A new law dictating that all crew members living in France for more than three months a year must contribute to the French social security system may soon be coming into force and, if it does, there are expected to be major repercussions for the superyacht industry.
The new regulation will require all crew, regardless of their nationality and the flag flown from the superyacht hiring them, to start paying into the French social security from 1st July 2017.
There are a number of ways in which the French yachting industry will be affected by this new order. Firstly, superyachts will be deterred from staying in France long-term, which will lead to less private cruising taking place and less charter yachts available in the region.
Because of this, the whole infrastructure built around the French superyacht industry will suffer, including French refit yards.
But, if superyachts begin to avoid France – the most popular cruising destination in the world – they will look to base themselves elsewhere in the Mediterranean. This means nearby countries will potentially see an influx of business.
To counter the potential risks, yacht management firm Hill Robinson is taking legal action and hoping for the French Supreme Court to postpone the enforcement, as well as review and amend the law.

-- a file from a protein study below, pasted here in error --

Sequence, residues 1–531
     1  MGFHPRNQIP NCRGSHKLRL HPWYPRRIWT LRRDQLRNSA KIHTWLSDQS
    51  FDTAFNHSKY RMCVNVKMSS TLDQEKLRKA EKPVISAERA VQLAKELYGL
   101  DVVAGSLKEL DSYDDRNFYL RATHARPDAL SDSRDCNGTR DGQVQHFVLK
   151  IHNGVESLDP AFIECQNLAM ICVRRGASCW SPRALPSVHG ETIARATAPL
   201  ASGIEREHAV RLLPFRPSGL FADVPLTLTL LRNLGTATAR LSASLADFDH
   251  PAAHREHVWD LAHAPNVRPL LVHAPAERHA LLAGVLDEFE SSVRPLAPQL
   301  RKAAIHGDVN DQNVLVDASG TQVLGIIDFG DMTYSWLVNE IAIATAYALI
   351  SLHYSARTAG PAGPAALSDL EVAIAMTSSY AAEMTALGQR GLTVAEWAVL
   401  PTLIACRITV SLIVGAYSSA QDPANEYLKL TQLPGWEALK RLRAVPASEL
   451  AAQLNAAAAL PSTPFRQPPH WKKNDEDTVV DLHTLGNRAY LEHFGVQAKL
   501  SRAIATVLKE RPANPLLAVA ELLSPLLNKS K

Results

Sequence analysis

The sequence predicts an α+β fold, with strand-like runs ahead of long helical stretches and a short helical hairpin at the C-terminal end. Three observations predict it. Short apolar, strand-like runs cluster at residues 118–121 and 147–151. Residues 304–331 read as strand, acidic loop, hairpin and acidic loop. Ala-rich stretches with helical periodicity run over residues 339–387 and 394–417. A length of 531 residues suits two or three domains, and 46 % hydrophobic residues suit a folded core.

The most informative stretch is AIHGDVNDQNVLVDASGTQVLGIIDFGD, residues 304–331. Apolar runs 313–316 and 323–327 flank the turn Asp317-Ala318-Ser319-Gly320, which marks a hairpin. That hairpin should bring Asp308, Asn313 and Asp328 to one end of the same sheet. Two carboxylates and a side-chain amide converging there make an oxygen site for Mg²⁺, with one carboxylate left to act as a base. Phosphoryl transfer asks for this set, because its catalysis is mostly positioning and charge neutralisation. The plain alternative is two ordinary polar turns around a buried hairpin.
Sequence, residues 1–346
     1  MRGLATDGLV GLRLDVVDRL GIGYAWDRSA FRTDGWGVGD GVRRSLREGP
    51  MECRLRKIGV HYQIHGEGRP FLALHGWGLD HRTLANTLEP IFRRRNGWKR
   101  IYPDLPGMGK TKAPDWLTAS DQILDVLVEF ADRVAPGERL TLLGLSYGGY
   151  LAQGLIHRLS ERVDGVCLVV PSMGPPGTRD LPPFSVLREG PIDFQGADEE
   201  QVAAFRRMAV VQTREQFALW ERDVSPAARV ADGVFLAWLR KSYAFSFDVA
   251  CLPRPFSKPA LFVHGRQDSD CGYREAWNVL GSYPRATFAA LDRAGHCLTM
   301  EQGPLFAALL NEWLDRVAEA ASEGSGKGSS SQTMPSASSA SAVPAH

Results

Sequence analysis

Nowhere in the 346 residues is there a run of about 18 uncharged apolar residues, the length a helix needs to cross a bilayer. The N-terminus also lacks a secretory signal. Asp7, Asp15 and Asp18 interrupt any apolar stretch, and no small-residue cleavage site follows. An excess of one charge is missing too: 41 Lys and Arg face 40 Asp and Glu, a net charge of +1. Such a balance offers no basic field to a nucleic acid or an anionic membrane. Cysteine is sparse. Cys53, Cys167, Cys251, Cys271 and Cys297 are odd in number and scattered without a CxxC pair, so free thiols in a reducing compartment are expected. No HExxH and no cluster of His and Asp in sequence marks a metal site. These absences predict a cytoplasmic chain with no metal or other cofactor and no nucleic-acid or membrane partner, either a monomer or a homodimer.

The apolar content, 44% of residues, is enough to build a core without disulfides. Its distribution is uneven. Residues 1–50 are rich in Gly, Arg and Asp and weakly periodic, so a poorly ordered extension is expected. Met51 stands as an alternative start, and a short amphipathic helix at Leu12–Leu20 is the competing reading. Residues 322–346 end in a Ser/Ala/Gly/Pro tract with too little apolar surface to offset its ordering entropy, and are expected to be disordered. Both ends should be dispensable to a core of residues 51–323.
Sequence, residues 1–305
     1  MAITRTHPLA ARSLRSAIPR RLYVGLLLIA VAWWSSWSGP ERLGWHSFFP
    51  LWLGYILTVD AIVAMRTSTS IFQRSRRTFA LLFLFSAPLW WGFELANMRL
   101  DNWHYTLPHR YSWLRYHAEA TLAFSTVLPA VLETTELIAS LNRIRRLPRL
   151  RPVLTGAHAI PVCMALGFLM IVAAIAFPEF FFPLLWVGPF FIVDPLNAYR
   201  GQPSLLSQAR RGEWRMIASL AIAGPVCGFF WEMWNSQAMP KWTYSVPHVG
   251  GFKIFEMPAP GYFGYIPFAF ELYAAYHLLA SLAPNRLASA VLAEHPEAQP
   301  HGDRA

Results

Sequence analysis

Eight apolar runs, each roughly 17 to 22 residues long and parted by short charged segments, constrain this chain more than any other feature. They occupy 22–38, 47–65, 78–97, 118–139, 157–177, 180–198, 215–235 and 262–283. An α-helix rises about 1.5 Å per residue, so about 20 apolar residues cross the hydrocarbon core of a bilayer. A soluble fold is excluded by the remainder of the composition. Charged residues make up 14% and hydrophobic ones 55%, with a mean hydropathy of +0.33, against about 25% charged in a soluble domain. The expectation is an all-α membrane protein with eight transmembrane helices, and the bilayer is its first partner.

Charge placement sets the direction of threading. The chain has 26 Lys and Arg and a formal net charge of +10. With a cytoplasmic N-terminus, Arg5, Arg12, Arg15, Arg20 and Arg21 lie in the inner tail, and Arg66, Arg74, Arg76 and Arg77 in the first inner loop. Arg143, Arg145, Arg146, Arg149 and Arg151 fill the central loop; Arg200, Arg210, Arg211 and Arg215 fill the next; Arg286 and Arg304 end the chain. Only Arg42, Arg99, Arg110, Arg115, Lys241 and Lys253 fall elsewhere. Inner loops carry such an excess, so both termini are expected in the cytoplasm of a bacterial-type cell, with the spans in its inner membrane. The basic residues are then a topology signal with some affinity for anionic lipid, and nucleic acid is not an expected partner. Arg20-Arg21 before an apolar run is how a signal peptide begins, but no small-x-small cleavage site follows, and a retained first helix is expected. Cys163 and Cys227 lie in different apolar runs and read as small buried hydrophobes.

The issue for Hill Robinson is not with the spirit of the French social system. Managing director Nick Hill stressed that ‘we applaud’ the goal to expand medial and pension coverage for French mariners.
Rather, Hill Robinson’s concern is that the law doesn’t exclude the many crew who only live part time in the South of France, even if they keep permanent residence elsewhere. Hill said ‘this could lead to a large-scale enrolment of all other nationality crew members’.
Superyachts will be deterred from staying in France long-term, which will lead to less charter yachts available in the region
If the law comes into play as planned, all superyacht crew and employers must begin paying into the French social security system. Crew members paying into another country’s system will not have to pay, however, providing the country is a member of the European Union or has a reciprocal relationship with France.
Either way, crew members will have to provide proof of enrolment, and some UK nationals will have to pay even if they already make voluntary National Insurance Class 2 contributions.
Non-French employers, meanwhile, will have two choices: furnish a bank guarantee or deposit money with French authorities to cover all possible liabilities.
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